Chicago’s public schools are in shutdown mode

May explain why former Chicago schools administrator Jennifer Cheatham sought greater opportunities here in Madison. The Chicago school system is closing 61 school buildings to address a $1 billion deficit; 140 of its 681 schools are at least half-empty. (More about that here.)

Might not a tiny voice be whispering to Fighting Ed Garvey, John Nichols, Jeff Simpson, the UW School of Education, and other bitter-enders that perhaps the Chicago teachers union bears some responsibility for a) the financial deficit and b) the flight of students out of the public schools? It was, after all, the Chicago teachers union that walked out on students last September to fight performance measures and a longer school day.

Fighting Ed Garvey is not a stupid man. But he does suffer from labor union fixation disorder. Visit his blog on that subject today and tell me if Ed doesn’t remind you of the guy stocking up on matches as his house burns down. Bad schools are how cities die.

I’m sticking with the union

Former mayor Dave Cieslewicz gets it: “Two things are clear – despite her previous lack interest in education issues, [Sarah] Manski was encouraged to run by the old guard liberal establishment (most of it white), and her gambit essentially ended up freezing out a minority candidate in Ananda Mirilli, who finished third and so didn’t advance to the general election in April.”

Former mayor Dave Cieslewicz does not get it: He ascribes the revolt of Madison’s minority community to a “generational divide” afflicting “aging progressives.” (Mayor Dave’s blog: “Aging leadership makes change harder for Madison schools.”)

He’s wrong about that; age has nothing to do with it. Fealty to organized labor, recognizing that its money and foot soldiers fuel the liberal enterprise, is to blame. Sarah Manski and Greg Packnett, after all, are still young people. Paul Soglin and John Matthews were just as pigheaded when they were in their 20s. Stu Levitan is getting superannuated, but he seems to get it.

What is at fault here is progressivism itself. It supposes that a right-minded elite (not coincidentally afflicted with a visceral hatred of the marketplace) should deny the less inspired the ability to make “wrong” decisions. A tax-coerced public school system run by these elites is the end goal, instead of merely a means to an end – that end being educating children.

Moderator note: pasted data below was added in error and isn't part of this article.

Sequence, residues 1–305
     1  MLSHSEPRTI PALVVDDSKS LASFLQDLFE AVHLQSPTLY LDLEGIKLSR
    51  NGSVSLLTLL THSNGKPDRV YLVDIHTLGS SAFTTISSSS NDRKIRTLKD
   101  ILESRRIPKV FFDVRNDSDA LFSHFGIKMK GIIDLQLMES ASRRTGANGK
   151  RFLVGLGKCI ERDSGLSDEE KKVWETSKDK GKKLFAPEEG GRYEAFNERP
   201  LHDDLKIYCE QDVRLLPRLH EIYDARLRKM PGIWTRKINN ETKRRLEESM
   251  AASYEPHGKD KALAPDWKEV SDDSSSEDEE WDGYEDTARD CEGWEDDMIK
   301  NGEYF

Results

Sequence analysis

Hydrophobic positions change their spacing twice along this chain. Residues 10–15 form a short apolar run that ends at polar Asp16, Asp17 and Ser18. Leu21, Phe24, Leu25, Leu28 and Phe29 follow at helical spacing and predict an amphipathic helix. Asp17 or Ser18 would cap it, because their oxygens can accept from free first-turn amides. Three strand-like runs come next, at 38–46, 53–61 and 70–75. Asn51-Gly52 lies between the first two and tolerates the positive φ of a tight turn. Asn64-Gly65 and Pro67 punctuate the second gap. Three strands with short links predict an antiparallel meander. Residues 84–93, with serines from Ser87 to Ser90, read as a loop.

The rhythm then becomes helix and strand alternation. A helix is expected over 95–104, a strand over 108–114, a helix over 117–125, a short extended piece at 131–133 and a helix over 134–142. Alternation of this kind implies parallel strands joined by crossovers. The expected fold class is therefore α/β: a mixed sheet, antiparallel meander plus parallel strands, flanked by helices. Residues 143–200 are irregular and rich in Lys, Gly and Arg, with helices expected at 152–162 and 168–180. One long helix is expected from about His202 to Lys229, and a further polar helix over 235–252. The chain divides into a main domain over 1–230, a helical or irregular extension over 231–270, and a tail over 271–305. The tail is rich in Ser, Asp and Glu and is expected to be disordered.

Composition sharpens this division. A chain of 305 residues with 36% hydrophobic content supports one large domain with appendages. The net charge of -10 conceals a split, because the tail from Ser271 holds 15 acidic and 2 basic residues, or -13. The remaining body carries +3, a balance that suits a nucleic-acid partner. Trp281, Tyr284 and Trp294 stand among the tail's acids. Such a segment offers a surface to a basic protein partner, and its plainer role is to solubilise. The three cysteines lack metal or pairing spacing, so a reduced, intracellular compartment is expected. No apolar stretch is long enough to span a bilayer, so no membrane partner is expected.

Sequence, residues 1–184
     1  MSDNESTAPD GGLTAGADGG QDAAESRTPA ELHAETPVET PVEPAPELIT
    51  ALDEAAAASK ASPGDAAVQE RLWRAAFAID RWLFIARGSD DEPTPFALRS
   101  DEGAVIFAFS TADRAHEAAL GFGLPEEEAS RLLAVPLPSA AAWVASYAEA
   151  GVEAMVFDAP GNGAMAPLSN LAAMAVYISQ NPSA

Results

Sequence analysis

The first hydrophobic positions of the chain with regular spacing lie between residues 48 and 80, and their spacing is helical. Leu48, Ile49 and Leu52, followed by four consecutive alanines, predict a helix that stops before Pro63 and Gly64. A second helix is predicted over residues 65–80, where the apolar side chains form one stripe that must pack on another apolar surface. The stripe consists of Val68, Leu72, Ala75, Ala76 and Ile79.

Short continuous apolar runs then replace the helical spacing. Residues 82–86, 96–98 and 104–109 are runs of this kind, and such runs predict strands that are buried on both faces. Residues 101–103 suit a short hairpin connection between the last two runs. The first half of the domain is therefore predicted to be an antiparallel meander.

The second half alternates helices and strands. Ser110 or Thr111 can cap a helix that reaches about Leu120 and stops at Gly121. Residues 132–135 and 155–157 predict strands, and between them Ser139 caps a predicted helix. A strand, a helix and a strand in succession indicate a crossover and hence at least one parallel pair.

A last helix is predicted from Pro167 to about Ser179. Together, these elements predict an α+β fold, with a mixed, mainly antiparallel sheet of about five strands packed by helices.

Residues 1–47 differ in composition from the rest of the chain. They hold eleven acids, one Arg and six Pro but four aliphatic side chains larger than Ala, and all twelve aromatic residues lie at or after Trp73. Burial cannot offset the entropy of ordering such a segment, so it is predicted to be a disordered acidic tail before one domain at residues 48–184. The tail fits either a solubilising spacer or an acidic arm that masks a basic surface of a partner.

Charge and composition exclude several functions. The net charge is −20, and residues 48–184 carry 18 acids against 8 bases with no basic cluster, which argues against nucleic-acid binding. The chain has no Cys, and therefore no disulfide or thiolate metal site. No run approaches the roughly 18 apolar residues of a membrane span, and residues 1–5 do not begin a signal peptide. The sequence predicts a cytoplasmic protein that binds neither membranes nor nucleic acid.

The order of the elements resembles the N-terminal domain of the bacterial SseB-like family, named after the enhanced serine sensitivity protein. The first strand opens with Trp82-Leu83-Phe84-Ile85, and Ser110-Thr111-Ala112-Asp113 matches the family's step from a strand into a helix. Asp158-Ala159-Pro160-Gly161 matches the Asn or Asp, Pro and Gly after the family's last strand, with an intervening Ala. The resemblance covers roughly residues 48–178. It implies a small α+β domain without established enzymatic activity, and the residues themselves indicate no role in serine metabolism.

One more thing local progressives don’t get: They presume minority race folks share their progressivism because, gosh darn it, don’t they owe them big-time? Didn’t they work for Bobby Kennedy?

People want a choice

Is that so difficult to understand? The Marquette Law School poll just out shows 51% of respondents statewide – and, surprisingly, in Madison – support expanding school choice vouchers compared to 14% who are opposed to any expansion and another 28% who want the program repealed altogether. Support for charter schools runs 42% favorable to 16% unfavorable. Respondents also understand that competition improves schools, that charter schools do NOT take money away from other public schools, and that charter schools have the flexibility to fit the needs of particular students.

 

The hand of God?

Nothing we experienced in the 1960s (if you remember the ’60s you weren’t there) is as mind-blowing as what astronomy and string theory physics are revealing these days.

A T-shirt summarizes what is, for me, the most amazing thing ever: “First there was nothing. Then it exploded.”

Doesn’t that sound like the hand of God?

The European Space Agency has composed, with the help of its Planck satellite, something called a “heat map” of the universe as it appeared only 370,000 years after the Big Bang. Those little dots grew into the billions of galaxies we are discovering today, 13.8 billion years later. The New York Times tells us:

The data also offered striking support for the notion of inflation, which has been the backbone of Big Bang theorizing for 30 years. Under the influence of a mysterious force field during the first trillionth of a fraction of a second, what would become the observable universe ballooned by 100 trillion trillion times in size from a subatomic pinprick to a grapefruit in less than a violent eye-blink …

And how do they know that the universe consists of 4.9% atoms, 27% dark matter, and 71% dark energy? (And not a speck of cereal!)

Wrap your mind around this: The Big Bang wasn’t an explosion into space but of space, the creation of time and existence itself.

Then there are the worlds of big and tiny. Higgs bosons, anyone? Here is a fascinating website that compares the scale of the universe.

Think I’ll lie down and take a nap. 

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